1 (888) 505-5689
Before we take a single step we need to review the definition of content marketing. It’s a term we hear a lot, but what is it?
Traditional marketing says: “This is our product and here’s why you should buy it.” Content marketing steps away from focusing on a specific product. Instead, this technique provides valuable material the audience desires, such as free advice through podcasts or blogs, in order to build an audience for the products it wishes to sell. By removing the product from the spotlight, it obscures the fact that it’s selling something.
Modern consumers are wary of traditional marketing. They mute or skip commercials. They see through product placement. They are offended when a retailer tries to sell to them. So how do we market to customers who fundamentally hate marketing? We learn who they are, and we become who they want us to be. Or, in other words, we use psychology to optimize content marketing.
Image via Flickr by Financial Times photos
The internet is a great big bar. We’re all hanging out trying to have fun, look cool, make friends, and hook up. Let’s admit that. We all have selfish motivations. Yet we all hate selfish people.
Picture a circle of friends chatting, joking, and generally having a good time. Then one guy starts talking about his side business or multi-level marketing scheme. Now no one’s having fun, and the friends are politely suffering through a sales pitch. Don’t be that guy.
Although everyone in that circle lives by selling something (physical products, services, or intellectual property), none of them want to wallow in it all day and night. When they need to buy something or partner with somebody, they probably won’t pick the guy who won’t shut up about his MLM. Instead, they’ll pick someone they know, like, and trust from that very circle who has shown interest in them and with whom they identify.
Be that someone. Be the pal that is humble, smart, witty, and fun. They’ll know you’re in the sprocket business. You don’t need to say it. When they need a sprocket, they’ll reach out to you.
Overt selling is a bad habit you must break. Treat it like smoking, over-eating, or procrastination. Admit there’s a problem, and work to overcome it.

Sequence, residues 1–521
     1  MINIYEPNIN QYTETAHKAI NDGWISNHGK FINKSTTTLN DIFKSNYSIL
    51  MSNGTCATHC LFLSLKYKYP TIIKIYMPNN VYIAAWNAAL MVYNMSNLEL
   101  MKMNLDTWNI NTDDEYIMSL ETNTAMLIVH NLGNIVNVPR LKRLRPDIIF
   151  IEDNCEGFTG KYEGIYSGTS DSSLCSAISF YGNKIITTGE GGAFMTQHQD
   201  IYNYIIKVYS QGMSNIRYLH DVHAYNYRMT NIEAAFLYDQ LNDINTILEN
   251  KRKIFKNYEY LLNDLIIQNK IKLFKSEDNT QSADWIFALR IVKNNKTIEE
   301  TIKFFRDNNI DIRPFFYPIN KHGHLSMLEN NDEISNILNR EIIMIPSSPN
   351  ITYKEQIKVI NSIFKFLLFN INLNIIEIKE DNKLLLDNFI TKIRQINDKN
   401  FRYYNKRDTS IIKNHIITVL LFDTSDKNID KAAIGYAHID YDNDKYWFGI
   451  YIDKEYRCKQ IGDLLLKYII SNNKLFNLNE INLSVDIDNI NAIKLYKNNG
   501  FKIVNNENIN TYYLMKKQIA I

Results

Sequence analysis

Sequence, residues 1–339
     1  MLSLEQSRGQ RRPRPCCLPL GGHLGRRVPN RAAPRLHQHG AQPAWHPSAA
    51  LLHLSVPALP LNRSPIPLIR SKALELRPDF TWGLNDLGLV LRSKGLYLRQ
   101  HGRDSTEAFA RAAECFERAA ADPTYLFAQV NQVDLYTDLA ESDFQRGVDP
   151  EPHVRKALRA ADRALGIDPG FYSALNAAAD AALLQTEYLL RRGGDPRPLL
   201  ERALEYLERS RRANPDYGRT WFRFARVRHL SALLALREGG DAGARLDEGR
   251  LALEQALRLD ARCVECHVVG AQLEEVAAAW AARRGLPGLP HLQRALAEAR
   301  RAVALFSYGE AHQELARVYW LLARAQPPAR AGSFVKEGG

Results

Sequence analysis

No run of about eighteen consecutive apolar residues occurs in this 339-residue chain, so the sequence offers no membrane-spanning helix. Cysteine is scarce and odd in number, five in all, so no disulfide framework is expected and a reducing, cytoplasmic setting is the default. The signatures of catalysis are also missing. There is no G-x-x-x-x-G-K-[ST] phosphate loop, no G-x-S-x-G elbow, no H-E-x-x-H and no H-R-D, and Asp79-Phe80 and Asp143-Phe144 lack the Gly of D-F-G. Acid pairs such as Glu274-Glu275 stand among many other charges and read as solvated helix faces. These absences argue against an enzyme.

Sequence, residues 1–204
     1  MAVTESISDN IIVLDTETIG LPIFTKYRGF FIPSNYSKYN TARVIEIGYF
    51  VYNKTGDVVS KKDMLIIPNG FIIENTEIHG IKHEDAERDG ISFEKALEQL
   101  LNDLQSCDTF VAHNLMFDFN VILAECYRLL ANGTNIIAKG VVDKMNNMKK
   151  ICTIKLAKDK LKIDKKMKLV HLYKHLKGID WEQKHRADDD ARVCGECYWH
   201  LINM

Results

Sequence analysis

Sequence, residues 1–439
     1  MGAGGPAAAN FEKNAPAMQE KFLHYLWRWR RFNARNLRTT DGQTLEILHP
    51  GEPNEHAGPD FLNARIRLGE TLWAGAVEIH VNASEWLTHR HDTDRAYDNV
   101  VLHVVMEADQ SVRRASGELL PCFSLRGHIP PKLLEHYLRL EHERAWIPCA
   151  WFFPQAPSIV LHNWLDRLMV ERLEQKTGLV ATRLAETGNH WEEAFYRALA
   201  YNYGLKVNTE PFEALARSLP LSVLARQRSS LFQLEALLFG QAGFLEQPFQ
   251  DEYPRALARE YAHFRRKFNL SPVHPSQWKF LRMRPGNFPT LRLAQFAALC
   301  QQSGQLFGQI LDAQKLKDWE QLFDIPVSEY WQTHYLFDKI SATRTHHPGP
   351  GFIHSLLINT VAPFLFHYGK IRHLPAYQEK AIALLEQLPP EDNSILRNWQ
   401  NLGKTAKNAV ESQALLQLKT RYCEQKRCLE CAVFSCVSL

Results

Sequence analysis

The better question is: “Who is she or he?” You need to imagine someone who is your perfect customer, and produce content for him or her. Draw up a psychological profile. Understand their interests, fears, problems, motivations, and habits. Learn everything about your fictitious character.
Understanding the whole world is too big a challenge. Focusing your efforts on too wide an audience will muddy your content. Just pick one person and give them your everything.
Don’t be you. Be the you they want. From whom do they want to buy? Are you their wingman helping them navigate a course to success and happiness? Are you a hard-working parent (just like them) busting tail to balance family and business? Why should they prefer your presence (and product) over another company’s?
Like your perfect customer, craft a profile of the perfect ‘you.’ This person can be a lot like you, or they can be very different from you. The key is this person is better. Sand off all the rough edges. Eliminate political and social opinions that may alienate potential customers. Include or enhance aspects that reinforce your bond with your perfect customer.
If they want an anarchist that doesn’t trust big government, be that person. If they want a mom who forgives them for everything, be that mom.
They have problems. You are a problem solver. Whatever your product, people buy it to fix something. They want their lives to be better and that’s it.
What is the pain point of your target? Know it and fix it. Let’s return to the bar analogy. Why are people there? Typically it’ll be to satisfy hunger, to relieve stress, to meet people, or to reward themselves.
And who are you? You are the service staff. They are hungry and thirsty people. You don’t need to push food and drink. They already have the appetite. You need to provide customer service.
While you have their attention, you can utilize Robert Cialdini’s Six Principles of Persuasion:
For the very same reason you should dress for the job you want, not the one you have, you need to act like a thriving, successful company. Project confidence from day one.
Who’s on a path to greatness? You are.
Who makes a fantastic product? You do.
Is it worth every penny and more? Of course it is.
Are you building an army of happy fans? Absolutely.
Carry this attitude with you everywhere and you’ll learn what married men found out accidentally. When you stop hunting for women, when you’ve found the love of your life, when you no longer care what other women think, you become more attractive. (Do not act on this, dudes.)
Be a confident company. You’ll find customers and partners wanting to join your success, whether it’s real or only potential.
Use the psychology of persuasion, relationships, and indirect selling. Your customers will come after you. Need help with smart, on-target content marketing? Let us help.